99 U.S. 130 (1879), Wilkerson v. State Of Utah
|Citation:||99 U.S. 130, 25 L.Ed. 345|
|Party Name:||WILKERSON v. UTAH.|
|Case Date:||March 17, 1879|
|Court:||United States Supreme Court|
ERROR to the Supreme Court of the Territory of Utah.
The facts are stated in the opinion of the court.
Submitted by Mr. E. D. Hoge and Mr. P. L. Williams for the plaintiff in error, and by The Solicitor-General for the defendant in error.
MR. JUSTICE CLIFFORD delivered the opinion of the court.
Duly organized Territories are invested with legislative power, which extends to all rightful subjects of legislation not inconsistent with the Constitution and laws of the United States. Rev. Stats., sect. 1851.
Congress organized the Territory of Utah on the 9th of September, 1850, and provided that the legislative power and authority of the Territory shall be vested in the governor and legislative assembly. 9 Stat. 454.
Sufficient appears to show that the prisoner named in the record was legally charged with the wilful, malicious, and premeditated murder of William Baxter, with malice aforethought, by indictment of the grand jury in due form of law, as fully set forth in the transcript; and that he, upon his arraignment, pleaded that he was not guilty of the alleged offence. Pursuant to the order of the court, a jury for the trial of the prisoner was duly impanelled and sworn; and it appears that the jury, after a full and fair trial, found, by their verdict, that the prisoner was guilty of murder in the first degree.
Regular proceedings followed, and the record also shows that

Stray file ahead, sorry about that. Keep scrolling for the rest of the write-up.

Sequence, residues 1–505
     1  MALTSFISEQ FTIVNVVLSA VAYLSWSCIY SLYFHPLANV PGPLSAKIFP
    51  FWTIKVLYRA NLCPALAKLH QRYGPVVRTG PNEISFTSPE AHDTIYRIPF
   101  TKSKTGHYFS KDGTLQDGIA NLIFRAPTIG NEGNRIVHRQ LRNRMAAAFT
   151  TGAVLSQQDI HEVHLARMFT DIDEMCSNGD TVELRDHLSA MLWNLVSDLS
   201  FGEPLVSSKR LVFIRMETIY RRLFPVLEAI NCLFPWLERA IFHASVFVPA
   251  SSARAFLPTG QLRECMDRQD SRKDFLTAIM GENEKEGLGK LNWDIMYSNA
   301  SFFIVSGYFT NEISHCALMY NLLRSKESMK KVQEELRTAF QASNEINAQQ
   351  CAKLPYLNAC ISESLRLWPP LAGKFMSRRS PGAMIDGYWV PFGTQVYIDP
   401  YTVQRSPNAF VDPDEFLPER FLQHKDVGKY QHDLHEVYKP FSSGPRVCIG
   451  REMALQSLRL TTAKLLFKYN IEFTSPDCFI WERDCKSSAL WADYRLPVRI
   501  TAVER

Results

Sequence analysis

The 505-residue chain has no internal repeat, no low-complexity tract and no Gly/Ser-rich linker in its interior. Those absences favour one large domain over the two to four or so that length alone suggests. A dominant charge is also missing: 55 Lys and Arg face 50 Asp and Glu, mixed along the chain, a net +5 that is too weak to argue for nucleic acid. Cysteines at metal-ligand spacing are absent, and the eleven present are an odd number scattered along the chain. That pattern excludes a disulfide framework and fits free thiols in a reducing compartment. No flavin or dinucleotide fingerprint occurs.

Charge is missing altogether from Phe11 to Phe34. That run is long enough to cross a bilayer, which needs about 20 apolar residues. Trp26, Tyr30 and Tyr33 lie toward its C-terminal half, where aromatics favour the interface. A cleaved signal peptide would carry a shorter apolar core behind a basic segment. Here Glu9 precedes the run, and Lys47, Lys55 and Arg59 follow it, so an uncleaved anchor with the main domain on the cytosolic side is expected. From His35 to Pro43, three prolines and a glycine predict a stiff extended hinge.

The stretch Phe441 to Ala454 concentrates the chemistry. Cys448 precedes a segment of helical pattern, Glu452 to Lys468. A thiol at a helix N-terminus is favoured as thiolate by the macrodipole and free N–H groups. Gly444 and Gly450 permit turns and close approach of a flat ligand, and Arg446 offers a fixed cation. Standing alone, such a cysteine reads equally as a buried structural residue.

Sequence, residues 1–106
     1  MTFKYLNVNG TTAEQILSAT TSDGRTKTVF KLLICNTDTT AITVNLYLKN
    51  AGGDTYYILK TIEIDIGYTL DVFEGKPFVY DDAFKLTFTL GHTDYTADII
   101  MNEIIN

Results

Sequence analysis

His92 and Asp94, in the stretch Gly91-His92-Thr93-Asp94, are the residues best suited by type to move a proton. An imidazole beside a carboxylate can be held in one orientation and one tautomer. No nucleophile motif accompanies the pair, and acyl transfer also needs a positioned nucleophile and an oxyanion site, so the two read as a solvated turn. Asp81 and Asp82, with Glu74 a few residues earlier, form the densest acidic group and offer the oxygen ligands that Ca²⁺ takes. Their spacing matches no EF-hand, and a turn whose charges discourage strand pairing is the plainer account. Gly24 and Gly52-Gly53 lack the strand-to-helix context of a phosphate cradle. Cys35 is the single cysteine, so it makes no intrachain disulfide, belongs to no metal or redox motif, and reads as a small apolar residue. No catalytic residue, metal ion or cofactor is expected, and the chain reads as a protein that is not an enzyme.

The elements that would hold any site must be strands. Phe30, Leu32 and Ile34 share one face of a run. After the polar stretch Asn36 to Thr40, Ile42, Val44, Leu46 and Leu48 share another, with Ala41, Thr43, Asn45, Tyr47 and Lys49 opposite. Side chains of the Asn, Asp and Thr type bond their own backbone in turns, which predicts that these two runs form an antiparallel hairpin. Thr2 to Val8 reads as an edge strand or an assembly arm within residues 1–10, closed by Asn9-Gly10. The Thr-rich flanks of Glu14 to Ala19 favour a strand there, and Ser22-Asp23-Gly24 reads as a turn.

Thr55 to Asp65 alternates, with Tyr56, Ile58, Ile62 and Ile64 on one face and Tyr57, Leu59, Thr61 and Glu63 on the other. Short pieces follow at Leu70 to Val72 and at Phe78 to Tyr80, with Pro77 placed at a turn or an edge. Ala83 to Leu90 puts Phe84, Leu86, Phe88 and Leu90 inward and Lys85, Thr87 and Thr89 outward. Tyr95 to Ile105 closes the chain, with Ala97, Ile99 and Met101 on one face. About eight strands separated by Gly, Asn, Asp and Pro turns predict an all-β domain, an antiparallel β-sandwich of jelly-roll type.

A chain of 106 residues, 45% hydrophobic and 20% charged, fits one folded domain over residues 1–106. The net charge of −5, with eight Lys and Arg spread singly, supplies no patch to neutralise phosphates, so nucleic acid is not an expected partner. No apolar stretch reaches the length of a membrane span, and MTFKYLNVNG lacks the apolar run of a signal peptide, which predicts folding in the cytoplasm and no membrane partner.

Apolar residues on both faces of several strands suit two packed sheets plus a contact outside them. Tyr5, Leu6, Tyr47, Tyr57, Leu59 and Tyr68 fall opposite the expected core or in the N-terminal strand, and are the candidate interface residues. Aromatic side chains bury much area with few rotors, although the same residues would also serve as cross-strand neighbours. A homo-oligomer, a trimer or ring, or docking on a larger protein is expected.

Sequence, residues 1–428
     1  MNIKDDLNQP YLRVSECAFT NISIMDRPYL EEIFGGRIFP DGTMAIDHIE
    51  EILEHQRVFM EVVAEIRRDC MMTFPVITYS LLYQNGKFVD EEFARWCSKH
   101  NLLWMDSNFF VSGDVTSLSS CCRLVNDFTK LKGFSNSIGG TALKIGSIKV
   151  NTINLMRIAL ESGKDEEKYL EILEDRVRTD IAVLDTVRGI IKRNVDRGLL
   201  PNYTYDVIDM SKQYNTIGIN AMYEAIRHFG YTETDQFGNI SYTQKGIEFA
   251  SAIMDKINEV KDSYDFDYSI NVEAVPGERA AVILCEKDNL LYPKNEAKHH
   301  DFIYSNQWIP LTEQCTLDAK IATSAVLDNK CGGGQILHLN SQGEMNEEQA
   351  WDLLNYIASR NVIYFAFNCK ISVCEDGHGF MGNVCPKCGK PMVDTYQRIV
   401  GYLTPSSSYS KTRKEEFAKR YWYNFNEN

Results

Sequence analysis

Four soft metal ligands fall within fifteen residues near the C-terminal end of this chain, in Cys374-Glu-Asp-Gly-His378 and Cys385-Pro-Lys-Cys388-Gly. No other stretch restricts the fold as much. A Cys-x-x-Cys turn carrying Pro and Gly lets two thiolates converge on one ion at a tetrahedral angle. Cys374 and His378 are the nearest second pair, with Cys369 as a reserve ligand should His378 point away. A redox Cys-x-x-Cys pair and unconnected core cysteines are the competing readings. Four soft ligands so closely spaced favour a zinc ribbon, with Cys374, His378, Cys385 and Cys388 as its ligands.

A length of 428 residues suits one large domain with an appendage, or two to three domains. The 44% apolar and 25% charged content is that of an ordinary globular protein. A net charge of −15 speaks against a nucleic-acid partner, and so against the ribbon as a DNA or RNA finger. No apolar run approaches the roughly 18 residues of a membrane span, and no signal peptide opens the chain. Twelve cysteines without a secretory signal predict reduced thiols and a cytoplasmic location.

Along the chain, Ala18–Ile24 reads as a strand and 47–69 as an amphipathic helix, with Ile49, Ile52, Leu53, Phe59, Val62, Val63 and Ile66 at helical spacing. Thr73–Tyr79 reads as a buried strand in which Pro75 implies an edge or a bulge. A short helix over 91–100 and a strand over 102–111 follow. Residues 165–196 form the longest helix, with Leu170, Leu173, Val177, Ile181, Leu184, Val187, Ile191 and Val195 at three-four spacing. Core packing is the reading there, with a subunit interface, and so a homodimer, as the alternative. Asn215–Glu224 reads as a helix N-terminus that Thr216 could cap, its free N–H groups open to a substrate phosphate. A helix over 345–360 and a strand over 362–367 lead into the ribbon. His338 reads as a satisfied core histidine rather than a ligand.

the presiding justice in open court sentenced the prisoner as follows: That 'you be taken from hence to some place in this Territory, where you shall be safely kept until Friday, the fourteenth day of December next; that between the hours of ten o'clock in the forenoon and three o'clock in the afternoon of the last-named day you be taken from your place of confinement to some place within this district, and that you there be publicly shot until you are dead.'
Proceedings in the court of original jurisdiction being ended, the prisoner sued out a writ of error and removed the cause into the Supreme Court of the Territory, where the judgment of the subordinate court was affirmed. Final judgment having been rendered in the Supreme Court of the Territory, the prisoner sued out the present writ of error, the act of Congress providing that such a writ from this court to the Supreme Court of the Territory will lie in criminal cases where the accused is sentenced to capital punishment or is convicted of bigamy or polygamy. 18 Stat. 254.
Appended to the proceedings is the assignment of error imputed to the court below, which is repeated in the same words in the brief of his counsel filed since the case was removed into this court. No exception was taken to the proceedings in either court prior to the sentence, the assignment of error being that the court below erred in affirming the judgment of the court of original jurisdiction and in adjudging and sentencing the prisoner to be shot to death.
Murder, as defined by the Compiled Laws of the Territory, is the unlawful killing of a human being with malice aforethought, and the provision is that such malice may be express or implied. Comp. Laws Utah, 1876, 585. Express malice is when there is manifested a deliberate intention unlawfully to take away the life of a fellow-creature, and it may be implied when there is no considerable provocation, or when the circumstances attending the killing show an abandoned or malignant heart.
Criminal homicide, when perpetrated by a person lying in wait, or by any other kind of wilful, deliberate, malicious, and premediated killing, or which is committed in the perpetration or attempt to perpetrate any one of the offences therein enumerated,
and evidencing a depraved mind, regardless of human life, is murder in the first degree. Id. 586.
Provision is also made that every person guilty of murder in the first degree shall suffer death, or, upon the recommendation of the...
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